Oh, C'mon people...
David - Master Scuba Diver/Professor
June 29, 2006 at 10:06:04
Many of the responses on this forum sound like my grandfather, "Why, when I was young, we had to walk 5 miles to school. We should all go back to the old days..."
There are good divers, and there are bad divers. There are good instructors, and there are bad instructors. The PADI vs NAUI vs SSI vs ? discussion is really moot, they pretty much cover the important stuff. The difference is whether the diver learns and retains, and can use the material. And, that is up to them.
When I first got certified, the instructor added little; though I would have classed him as one of the GOOD instructors. It's just that the materials (syllabus, books, supplements) are nearly idiot-proof. IF (and it's a BIG "if") you do your homework, you can pass the exams. If you practice, you can learn the skills. And if you don't, you wont'.
The problem comes when the student, who never really "got it," gets certified anyway. Instructors need to learn to say "you failed," and refuse to sign the C-cards of any one who does. But, this is human nature. Instructors feel sorry for students who paid, and showed up, so they pass them anyway.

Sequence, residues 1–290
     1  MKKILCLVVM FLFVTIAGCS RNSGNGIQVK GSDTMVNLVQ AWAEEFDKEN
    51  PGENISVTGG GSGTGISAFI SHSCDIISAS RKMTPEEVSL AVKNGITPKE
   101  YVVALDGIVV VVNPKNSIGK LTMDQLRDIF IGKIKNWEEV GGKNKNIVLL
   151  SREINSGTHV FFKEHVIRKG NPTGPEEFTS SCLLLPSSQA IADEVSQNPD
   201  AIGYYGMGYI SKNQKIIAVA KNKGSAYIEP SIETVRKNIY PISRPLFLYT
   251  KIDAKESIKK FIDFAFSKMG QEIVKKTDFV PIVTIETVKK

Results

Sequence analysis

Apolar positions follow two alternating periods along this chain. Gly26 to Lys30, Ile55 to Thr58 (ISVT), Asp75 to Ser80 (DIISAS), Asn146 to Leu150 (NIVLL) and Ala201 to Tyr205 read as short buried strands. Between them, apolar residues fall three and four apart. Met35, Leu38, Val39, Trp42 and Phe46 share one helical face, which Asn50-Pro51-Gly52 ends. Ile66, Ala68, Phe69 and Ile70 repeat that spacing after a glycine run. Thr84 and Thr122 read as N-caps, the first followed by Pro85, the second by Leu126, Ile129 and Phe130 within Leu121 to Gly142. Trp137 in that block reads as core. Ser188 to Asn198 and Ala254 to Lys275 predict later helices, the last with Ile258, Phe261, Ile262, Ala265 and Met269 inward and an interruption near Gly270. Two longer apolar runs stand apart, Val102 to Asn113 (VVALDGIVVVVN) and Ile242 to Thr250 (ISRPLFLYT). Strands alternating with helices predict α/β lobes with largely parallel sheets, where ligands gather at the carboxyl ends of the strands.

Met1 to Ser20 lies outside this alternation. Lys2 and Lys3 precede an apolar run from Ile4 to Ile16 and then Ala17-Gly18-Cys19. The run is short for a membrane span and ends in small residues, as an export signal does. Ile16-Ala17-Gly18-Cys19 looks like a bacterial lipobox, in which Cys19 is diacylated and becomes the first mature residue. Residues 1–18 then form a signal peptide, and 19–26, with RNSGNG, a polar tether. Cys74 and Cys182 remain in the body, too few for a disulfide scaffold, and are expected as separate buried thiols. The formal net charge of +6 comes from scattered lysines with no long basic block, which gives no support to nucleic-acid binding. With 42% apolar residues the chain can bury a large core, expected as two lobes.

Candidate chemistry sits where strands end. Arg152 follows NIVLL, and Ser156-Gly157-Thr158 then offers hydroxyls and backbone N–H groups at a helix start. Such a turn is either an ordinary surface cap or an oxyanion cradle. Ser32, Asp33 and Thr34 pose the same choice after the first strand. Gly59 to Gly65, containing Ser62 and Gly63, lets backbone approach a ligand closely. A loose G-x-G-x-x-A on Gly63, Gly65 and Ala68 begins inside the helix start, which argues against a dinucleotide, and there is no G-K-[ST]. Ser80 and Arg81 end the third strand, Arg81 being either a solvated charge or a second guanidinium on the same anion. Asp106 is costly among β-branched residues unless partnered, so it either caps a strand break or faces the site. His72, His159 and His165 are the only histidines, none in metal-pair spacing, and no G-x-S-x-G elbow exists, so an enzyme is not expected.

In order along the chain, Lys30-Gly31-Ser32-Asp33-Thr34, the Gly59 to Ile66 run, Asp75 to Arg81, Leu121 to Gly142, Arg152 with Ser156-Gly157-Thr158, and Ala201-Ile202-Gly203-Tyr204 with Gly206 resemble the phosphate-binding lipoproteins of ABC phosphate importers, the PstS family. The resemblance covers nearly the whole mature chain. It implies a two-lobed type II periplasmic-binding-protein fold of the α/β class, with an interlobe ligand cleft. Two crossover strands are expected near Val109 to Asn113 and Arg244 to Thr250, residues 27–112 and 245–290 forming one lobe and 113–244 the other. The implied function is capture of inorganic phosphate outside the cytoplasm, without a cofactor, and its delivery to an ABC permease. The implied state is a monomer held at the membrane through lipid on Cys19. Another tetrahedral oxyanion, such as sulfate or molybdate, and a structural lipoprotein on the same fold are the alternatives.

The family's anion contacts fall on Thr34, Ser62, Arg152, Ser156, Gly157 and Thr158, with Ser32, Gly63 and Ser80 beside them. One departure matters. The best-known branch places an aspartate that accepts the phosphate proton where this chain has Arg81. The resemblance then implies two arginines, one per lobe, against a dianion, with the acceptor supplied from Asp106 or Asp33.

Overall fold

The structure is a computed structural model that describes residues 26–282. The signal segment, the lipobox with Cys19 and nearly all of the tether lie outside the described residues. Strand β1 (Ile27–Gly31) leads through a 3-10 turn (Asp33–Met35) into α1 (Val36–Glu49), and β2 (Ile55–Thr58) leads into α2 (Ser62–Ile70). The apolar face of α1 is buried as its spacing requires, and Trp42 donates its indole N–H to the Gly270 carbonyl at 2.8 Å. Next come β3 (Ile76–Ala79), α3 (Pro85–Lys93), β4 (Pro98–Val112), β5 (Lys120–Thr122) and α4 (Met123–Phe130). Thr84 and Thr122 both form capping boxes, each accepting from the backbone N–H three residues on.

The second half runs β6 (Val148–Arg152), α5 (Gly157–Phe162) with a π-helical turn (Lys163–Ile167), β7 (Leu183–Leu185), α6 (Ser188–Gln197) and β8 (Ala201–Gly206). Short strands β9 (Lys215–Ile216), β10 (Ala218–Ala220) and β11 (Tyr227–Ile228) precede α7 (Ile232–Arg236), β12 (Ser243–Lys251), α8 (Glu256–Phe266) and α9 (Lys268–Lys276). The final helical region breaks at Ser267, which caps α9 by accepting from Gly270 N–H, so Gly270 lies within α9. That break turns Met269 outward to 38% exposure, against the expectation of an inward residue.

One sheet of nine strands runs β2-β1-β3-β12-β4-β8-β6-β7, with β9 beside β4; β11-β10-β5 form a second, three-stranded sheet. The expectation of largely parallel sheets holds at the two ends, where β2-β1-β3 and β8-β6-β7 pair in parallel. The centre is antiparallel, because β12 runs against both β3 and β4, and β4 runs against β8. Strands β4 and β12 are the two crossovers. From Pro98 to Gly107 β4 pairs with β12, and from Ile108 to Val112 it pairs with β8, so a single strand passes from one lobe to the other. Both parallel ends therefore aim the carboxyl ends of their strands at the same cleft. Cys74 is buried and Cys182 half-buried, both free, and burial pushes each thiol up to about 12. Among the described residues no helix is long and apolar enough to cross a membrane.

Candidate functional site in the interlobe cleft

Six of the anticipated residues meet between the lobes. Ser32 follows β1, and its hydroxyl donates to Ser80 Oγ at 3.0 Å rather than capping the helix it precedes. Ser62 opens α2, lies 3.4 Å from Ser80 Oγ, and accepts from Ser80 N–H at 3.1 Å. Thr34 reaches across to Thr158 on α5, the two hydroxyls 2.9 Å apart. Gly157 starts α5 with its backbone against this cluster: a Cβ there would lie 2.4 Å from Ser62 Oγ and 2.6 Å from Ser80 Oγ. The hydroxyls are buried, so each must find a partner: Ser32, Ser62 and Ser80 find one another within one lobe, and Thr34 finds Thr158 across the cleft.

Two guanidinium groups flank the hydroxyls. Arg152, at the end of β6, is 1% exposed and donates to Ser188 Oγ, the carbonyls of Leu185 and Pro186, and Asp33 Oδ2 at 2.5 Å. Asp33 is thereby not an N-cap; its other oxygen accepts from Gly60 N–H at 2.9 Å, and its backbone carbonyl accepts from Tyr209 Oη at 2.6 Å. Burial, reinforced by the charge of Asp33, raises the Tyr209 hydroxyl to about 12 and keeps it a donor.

When I got my OW cert. there was even a student who HAD to be RESCUED during the second checkout dive. He never completed the others and the instructor signed him off, anyway. Is that a problem with the certifying agency? Of course not.
The "Scuba Diver" certification looks like a small step above a Resort Course. NO ONE who ever took only an hour or two in the pool had enough skills to actually dive, but they do successfully, anyway. They are limited to diving at shallow depths, and with a professional buddy. How does that differ for the "Scuba Diver" certification, except that they have (comparatively) much more training? Relatively, it only says that the novice doesn't have to repeat the onshore part of the resort course every time he or she wants to get wet. Beyond that, it is simply a permanent resort card.
I have seen many potential divers not get involved because the 4 (or 3) days of classes, followed with tests and pool work, seemed like real barrier in front of not even knowing that they want to dive. How does a person know they like it, if they never do it. And if they can't do it without first sitting through 20-plus hours of classes, many will opt out.
This program will give more novice divers the taste, under VERY controlled circumstances. Many will follow with the higher levels of education when they find they want to go deeper, or go without a babysitter.